Friday, March 28, 2008

19. Be awake and attentive, fully present where you are.

Hi, everyone! We are without an author today, so let me just share one thought:

I think this Maxim is very closely related to the one about silence. It is impossible to be "fully present" when you have four or five pots bubbling at once (literal or figurative.) I often have to remind myself to turn away from the computer when I'm having a conversation with someone, even a phone conversation; I might technically be listening, but I'm not really paying attention. And on the flip side of that, I will often ignore the phone if it rings while I'm doing something I need to concentrate on -- teaching a student, writing a note, or even making breakfast. I don't like electronic gadgets to run my life!

As women, it's very tempting to multi-task, because for the most part we can do it quite capably. But something will be lost in each task when we try to do them all at once; all that does is erode our ability to concentrate and water down our experiences. When you are fully present, you learn things you never expected to.

What are your thoughts about this?


jocelyn said...

I have such a hard time with this as a new mom. It's so easy for me to get obsessed with completing a task while Ruthie is crying, or getting frustrated with my lack of time and trying to do too much at once. When my attention is split 5 ways, no one task gets completed in the time I think it's going to, and no one thing gets done as well as I want it to.

I think it's poor stewardship of your existence to not be fully present where you are (though I'm as guilty of that as anyone else, if not more). And being attentive and fully present where you are creates a better state of mind for yourself. I think it helps you to know the most appropriate reaction and response to a situation, since when you are fully attentive, present where you are, you are rooted in the things that are most important.

Emily said...

I love the phrase "poor stewardship of your existence." That applies to so many things! Every moment of life is such a great gift -- it really is a shame to spend it halfheartedly, instead of fully aware and participating in whatever task you have before you.

Carla said...

I like this maxim. So often we live from the anticipation of one event to the next, especially if it is something fun. But what about all of the interim moments of life that we are missing out on while we spend our energy and thought focused on what is next?

Yes, the "poor stewardship of your existence" is a good way to think about what happens when we are not living in the present moment, present to God and to one another.

Michele said...

I am the queen of multi-tasking. I used to think this was a great trait but now I realize multi-tasking can hurt me at times. I struggle with leaving that pot boiling to hug my husband too. Stop to give that little one a hug while answering an email. My heart is for my children yet in my busi-ness sometimes the ones I love get the short end of the stick with all my "doing" for them. Sometimes they just need me.

Early in my Orthodox journey I remember hearing my friend Joseph speak of being present where you are. I think of this often when I am standing before my prayer corner. Let the world go away and just concentrate on what you are doing that very moment. Stop worrying about the things of the day. I think of this as well as I look in my children's eyes. I pray God will help me not to forget it when I have to stop something I THINK is important and cherish this very moment.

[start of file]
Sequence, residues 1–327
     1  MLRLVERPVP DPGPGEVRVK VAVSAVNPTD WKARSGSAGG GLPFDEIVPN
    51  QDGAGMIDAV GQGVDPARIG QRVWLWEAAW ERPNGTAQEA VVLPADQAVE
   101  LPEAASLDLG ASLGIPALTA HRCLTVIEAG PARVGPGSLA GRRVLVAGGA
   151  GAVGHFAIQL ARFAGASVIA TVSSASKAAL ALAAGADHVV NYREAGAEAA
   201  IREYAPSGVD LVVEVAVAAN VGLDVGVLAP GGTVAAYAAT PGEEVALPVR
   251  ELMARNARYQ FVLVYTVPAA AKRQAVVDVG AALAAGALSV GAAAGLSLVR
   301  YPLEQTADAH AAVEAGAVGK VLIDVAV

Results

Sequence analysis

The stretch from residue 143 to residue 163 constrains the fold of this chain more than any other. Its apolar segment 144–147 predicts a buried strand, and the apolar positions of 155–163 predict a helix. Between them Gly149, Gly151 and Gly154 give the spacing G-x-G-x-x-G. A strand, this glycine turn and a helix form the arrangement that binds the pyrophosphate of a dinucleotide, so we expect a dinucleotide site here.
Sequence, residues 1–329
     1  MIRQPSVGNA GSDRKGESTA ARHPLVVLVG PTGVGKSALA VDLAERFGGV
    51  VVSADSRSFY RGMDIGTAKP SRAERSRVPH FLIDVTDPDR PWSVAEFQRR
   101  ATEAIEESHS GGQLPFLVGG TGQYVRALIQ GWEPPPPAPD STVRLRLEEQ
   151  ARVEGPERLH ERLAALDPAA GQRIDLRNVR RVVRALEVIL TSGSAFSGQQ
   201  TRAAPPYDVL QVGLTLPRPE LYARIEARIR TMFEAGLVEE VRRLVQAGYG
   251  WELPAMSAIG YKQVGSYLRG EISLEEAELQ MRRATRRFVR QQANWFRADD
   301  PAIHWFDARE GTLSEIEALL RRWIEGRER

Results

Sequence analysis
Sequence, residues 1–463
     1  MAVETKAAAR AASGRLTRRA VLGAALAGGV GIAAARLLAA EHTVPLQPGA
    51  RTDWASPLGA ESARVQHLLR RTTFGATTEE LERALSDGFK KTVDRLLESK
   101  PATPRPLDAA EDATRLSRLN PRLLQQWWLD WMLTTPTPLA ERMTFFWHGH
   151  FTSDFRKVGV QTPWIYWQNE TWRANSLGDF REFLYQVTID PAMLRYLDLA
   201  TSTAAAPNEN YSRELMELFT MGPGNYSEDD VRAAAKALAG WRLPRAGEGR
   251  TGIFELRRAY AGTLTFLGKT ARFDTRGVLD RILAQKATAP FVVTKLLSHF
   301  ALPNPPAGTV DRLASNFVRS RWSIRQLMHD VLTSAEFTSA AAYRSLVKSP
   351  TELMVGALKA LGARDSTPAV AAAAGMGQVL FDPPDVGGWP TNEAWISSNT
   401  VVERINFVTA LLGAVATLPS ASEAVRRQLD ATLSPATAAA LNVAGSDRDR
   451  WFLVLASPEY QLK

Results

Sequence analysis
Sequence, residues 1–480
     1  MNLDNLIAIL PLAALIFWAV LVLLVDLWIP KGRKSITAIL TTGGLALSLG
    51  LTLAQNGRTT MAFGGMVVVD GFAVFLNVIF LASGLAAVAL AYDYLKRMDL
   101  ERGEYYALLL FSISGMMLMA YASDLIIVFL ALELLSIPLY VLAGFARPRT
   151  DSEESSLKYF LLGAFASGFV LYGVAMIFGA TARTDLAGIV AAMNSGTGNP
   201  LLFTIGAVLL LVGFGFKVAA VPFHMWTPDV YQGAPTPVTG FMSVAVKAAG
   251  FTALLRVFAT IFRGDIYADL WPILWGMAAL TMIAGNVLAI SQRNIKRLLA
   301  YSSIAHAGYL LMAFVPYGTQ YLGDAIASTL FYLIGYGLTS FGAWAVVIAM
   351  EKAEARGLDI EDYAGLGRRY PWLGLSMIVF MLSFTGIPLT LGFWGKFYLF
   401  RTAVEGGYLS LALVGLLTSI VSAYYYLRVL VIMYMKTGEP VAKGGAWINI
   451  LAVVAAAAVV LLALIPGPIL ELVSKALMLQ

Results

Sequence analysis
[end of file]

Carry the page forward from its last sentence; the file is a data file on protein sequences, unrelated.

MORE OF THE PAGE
The Forty Maxims

  • 1. Be always with Christ and trust God in everything.
  • 2. Pray, fast and do acts of mercy.
  • 3. Read the Scriptures regularly.
  • 4. Read good books, a little at a time.
  • 5. Practice silence, inner and outer.
  • 6. Cultivate communion with the saints.
  • 7. Be an ordinary person, one of the human race.
  • 8. Live a day, even a part of a day, at a time.
  • 9. Be honest, first of all with yourself.
  • 10. Be faithful in little things.
  • 11. Do your work, then forget it.
  • 12. Do the most difficult and painful things first.
  • 13. Face reality.
  • 14. Be grateful.
  • 15. Be cheerful.
  • 16. Be simple, hidden, quiet and small.
  • 17. Never bring unnecessary attention to yourself.
  • 18. Listen when people talk to you.
  • 19. Be awake and attentive, fully present where you are.
  • 20. Think and talk about things no more than necessary.
  • 21. Speak simply, clearly, firmly, directly.
  • 22. Flee imagination, fantasy, analysis.
  • 23. Flee carnal things at their first appearance.
  • 24. Don’t complain, grumble, murmur or whine.
  • 25. Don’t seek or expect pity or praise.
  • 26. Don’t compare yourself with anyone.
  • 27. Don’t judge anyone for anything.
  • 28. Don’t try to convince anyone of anything.
  • 29. Don’t defend or justify yourself.
  • 30. Be defined and bound by God, not people.
  • 31. Accept criticism gracefully and test it carefully.
  • 32. Give advice only when asked or when it is your duty.
  • 33. Be strict with yourself.
  • 34. Be merciful with yourself and others.
  • 35. Do nothing for people that they can do for themselves.
  • 36. Have a healthy, wholesome hobby.
  • 37. Have no expectations except to be fiercely tempted to your last breath.
  • 38. Endure the trial of yourself and your faults serenely, under God’s mercy.
  • 39. When you fall, get up immediately and start over.
  • 40. Get help when you need it, without fear or shame.